In a sense this book is a garden-based autobiography of Britain's most famous birdwatcher. The main narrative covers Bill's personal relationship, not only with his present garden, which was described by the Daily Mail as "Probably the most bizarre back garden in Britain", but also with the gardens he has known throughout his life. The first was what he has called "a sink full of mud" in industrial Rochdale in the 1940s. Next came a larger garden on the edge of Birmingham which he used as a bird ringing station, sometimes helped or hindered by his granny, who often trimmed the lawn with a pair of scissors!In Tales of Ludicrous Bird Gardens there are plenty of eccentric stories about garden characters such as the 'feng shui fox', who constantly rearranged the ornaments, 'Limpy', the one-legged single-parent Great Tit, and one memorable nightmarish occasion when over 50 rats came to visit! This book is NOT an instructional guide on 'How to be a ludicrous gardener' although it may well prove inspirational to others to have a go, or to warn them on what to avoid. Bill abhors decking, large concrete patios, and above, all leaf-blowers.As well as neighbours who whinge about the parakeets!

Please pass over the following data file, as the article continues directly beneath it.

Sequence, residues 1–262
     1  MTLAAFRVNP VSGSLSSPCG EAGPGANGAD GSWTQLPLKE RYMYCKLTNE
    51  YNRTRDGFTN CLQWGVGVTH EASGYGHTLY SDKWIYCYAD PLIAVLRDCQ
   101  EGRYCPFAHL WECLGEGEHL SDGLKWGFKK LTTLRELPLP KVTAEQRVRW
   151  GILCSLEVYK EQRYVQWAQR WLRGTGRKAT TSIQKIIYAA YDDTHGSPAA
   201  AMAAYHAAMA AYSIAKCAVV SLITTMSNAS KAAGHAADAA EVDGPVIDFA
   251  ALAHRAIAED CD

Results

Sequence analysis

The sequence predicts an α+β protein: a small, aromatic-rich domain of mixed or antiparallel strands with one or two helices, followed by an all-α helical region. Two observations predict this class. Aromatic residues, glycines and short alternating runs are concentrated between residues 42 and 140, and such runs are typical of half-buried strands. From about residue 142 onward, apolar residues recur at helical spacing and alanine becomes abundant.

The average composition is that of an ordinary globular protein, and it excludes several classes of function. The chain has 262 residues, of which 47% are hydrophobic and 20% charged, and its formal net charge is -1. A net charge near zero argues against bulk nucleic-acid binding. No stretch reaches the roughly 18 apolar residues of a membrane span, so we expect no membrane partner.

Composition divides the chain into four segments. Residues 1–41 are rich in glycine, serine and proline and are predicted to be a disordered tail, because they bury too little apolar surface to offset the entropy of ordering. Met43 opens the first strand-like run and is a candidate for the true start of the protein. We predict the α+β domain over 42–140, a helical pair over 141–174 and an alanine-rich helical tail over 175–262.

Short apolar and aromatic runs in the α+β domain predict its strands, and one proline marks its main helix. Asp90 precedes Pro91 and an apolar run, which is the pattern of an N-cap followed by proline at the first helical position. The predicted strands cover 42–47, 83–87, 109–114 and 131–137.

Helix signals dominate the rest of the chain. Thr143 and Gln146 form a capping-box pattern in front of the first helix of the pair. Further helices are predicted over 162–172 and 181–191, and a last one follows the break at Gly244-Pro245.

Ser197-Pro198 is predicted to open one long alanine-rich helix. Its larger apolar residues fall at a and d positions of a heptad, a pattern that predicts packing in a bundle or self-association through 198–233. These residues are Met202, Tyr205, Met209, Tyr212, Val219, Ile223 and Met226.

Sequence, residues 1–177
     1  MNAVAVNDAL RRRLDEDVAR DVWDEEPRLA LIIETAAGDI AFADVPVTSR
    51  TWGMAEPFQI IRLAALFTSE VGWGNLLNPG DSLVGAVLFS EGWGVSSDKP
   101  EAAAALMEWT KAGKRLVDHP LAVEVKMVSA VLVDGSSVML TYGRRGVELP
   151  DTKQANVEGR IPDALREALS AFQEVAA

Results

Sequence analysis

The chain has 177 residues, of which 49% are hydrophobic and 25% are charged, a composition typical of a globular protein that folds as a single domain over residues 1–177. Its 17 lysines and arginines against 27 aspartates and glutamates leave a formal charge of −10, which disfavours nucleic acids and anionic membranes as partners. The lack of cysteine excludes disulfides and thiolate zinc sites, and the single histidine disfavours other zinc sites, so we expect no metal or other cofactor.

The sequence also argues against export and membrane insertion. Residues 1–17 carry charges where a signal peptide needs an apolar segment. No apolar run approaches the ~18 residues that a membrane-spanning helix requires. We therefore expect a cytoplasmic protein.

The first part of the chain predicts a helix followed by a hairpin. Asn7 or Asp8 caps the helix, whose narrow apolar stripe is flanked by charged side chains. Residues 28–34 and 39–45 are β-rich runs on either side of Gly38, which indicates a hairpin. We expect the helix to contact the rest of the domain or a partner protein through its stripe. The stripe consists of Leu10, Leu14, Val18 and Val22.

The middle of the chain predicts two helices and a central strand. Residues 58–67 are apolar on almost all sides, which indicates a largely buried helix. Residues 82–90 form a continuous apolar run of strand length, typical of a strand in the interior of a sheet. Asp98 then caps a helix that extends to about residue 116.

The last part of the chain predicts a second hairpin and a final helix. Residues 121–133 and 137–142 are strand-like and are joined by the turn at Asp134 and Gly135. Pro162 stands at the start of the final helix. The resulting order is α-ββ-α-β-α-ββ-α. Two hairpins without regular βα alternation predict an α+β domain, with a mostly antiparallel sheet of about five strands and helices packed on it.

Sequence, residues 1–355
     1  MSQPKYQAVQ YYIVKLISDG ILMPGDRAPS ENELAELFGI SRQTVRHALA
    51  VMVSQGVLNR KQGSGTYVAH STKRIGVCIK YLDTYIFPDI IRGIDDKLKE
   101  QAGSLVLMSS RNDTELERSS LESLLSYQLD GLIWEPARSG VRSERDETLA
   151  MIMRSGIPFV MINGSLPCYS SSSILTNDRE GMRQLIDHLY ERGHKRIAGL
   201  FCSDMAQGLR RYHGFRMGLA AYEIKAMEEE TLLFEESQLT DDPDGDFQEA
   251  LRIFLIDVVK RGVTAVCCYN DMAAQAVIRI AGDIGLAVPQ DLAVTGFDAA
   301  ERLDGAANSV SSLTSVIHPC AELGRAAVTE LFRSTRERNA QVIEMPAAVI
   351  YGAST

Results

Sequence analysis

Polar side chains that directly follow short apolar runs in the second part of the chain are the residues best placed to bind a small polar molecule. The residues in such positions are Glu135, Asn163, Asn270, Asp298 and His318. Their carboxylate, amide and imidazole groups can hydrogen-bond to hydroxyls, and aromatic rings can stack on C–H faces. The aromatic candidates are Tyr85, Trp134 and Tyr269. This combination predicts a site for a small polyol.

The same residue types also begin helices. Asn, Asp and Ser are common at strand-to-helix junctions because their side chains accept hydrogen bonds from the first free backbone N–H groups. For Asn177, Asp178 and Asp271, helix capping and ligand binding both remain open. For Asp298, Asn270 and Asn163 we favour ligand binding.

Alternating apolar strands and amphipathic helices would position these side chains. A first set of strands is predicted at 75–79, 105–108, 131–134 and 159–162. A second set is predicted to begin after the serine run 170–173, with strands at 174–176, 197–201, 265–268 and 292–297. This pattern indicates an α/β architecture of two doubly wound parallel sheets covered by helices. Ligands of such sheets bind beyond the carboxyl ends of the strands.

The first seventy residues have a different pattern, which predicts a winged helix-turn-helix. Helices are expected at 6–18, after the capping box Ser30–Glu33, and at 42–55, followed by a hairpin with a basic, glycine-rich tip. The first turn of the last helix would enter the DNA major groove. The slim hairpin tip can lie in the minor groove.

What is certain about Tales of Ludicrous Bird Gardens is that Bill's entertaining take on gardening for birds makes compelling reading.